Now that you have a good idea what these three systems are used for, we can have a discussion about how much rest works best for each goal.

3-5 Minutes Rest: This is useful for trainees who are trying to improve their explosive activities of a short duration. That means that longer rest periods are generally better for people who are training for strength and power and should be used together with lower reps (3-5 reps).

This is because your body requires approximately 3 minutes for it to restore the phosphagen (Creatine Phosphate/ATP) stores for your next set. Once the ATP-PC energy system has been able to replenish the energy stores in your muscles, you’ll be to lift a heavier weight for more reps. So, you should rest longer to get the energy to go heavy.

45-60 Seconds: Taking a shorter rest works better for hypertrophy and building overall muscle mass. The point here is not to lift the most weight you can possibly lift. Your purpose is to keep the stress on your muscles and work them again before they have the chance to fully recover.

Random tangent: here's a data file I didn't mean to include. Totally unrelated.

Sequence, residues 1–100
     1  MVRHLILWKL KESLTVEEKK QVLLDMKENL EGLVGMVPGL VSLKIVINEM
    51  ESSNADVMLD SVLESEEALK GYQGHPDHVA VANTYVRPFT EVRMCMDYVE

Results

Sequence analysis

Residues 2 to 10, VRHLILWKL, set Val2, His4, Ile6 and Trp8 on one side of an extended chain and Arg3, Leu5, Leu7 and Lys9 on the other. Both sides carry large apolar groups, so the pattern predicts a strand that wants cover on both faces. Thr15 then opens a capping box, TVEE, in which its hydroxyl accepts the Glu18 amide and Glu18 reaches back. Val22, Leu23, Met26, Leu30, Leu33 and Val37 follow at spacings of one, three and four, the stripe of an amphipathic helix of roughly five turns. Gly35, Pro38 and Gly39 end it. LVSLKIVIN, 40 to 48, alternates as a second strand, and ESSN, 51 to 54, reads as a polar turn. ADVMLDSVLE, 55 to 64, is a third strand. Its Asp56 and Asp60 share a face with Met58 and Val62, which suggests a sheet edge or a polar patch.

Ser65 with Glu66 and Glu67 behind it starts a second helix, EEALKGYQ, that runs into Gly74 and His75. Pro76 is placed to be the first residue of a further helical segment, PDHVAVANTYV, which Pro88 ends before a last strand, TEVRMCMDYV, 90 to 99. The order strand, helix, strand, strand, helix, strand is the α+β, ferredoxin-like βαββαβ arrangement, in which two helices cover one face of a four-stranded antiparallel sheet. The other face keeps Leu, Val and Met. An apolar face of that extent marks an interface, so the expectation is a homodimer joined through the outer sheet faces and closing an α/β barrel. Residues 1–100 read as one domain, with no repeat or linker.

This gives your muscles intensity over a longer period of time and allows you to keep your muscle “pump” between sets. This is best for the 8-12 rep ranges used by bodybuilders, and is optimal for increasing muscular mass and hypertrophy.

What about the time in between?

You don’t necessarily have to stay exactly within these rep ranges for building muscle mass or strength. There’s no switch that suddenly gets flipped at 3 minutes where your body suddenly begins to use a different energy system. Your muscles recover gradually while you rest, and each energy system works together and has some overlap.